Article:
Kidnapped Muslim cleric released in Egypt
Egyptian authorities have released a Muslim cleric imprisoned for several years on suspicion of terrorist links. His case has sparked interest worldwide after his alleged kidnapping by the CIA in Italy and transfer to Egypt in 2003.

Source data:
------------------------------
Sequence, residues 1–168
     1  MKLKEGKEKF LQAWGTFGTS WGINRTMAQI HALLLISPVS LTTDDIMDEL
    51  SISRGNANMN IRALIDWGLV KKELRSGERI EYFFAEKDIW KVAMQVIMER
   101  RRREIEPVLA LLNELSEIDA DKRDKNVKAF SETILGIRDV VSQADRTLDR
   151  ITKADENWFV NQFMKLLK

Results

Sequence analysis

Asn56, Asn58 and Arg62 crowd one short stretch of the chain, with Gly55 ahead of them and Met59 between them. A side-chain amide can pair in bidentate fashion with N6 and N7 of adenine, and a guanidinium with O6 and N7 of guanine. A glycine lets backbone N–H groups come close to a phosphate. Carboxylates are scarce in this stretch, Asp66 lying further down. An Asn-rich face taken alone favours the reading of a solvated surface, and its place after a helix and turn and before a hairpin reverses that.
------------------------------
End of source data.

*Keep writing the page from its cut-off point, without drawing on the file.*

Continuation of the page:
Hassan Mustafa Osama Nasr, known as Abu Omar, left Egypt in the 1980's and travelled to several countries before settling in Milan, Italy in 2001 where he worked as an imam at a local mosque. He was kidnapped in an alleged CIA operation in 2003 and flown to Egypt for interrogation. He was suspected of having links to terrorist organizations including, al Qaeda.Abu Omar was briefly released from Egyptian custody in April 2004, but was re-imprisoned without charge under Egypt's emergency laws. Montasser El Zayat, the cleric's lawyer, believes the reason was that he spoke out about his kidnapping.“He was detained under Egypt's emergency laws. He was not a suspect and no charge was laid against him. After a year in custody he was accused of being a member of an illegal organization, a loosely based charge which was ultimately dropped, but he was again arrested because he spoke of his ordeal. The authorities now released him as they found no reason for him to remain in custody any longer,” he says.Abu Omar himself was unavailable for comment, as a condition of his release was that he would not discuss events. The case has raised very little interest in Egypt, with no official statement and only a few independent newspapers publishing the story. In Italy, on the other hand, a court is considering whether to indict several suspects for his kidnapping and rendition, including a group of CIA agents and Italy's former spy chief.“The crisis has erupted in various European countries such as Germany and Spain. In Italy there is an investigation against 5 Italian intelligence agents and 26 from the CIA. This exposes the type of operations these organizations undertake. Abu Omar's case was the key to revealing that Guantanamo is not the only terrorist detention facility. The United states has used other centres in countries in Eastern Europe and the Middle East,” thinks Mahmoud Abdel Zaher, security expert.Similar cases to that of Abu Omar are under investigation in a number of countries, including Germany and Spain raising increasing concern over the methods used to apprehend terror suspects.Despite Abu Omar being released, his relationship with courts has not ended yet as hi demands compensation from U.S. and Italian governments. If the court in Italy decides to prosecute the 22 suspects in connection with this kidnapping this would be the first criminal procedure against renditions – one of the most controversial subjects on the war on terror.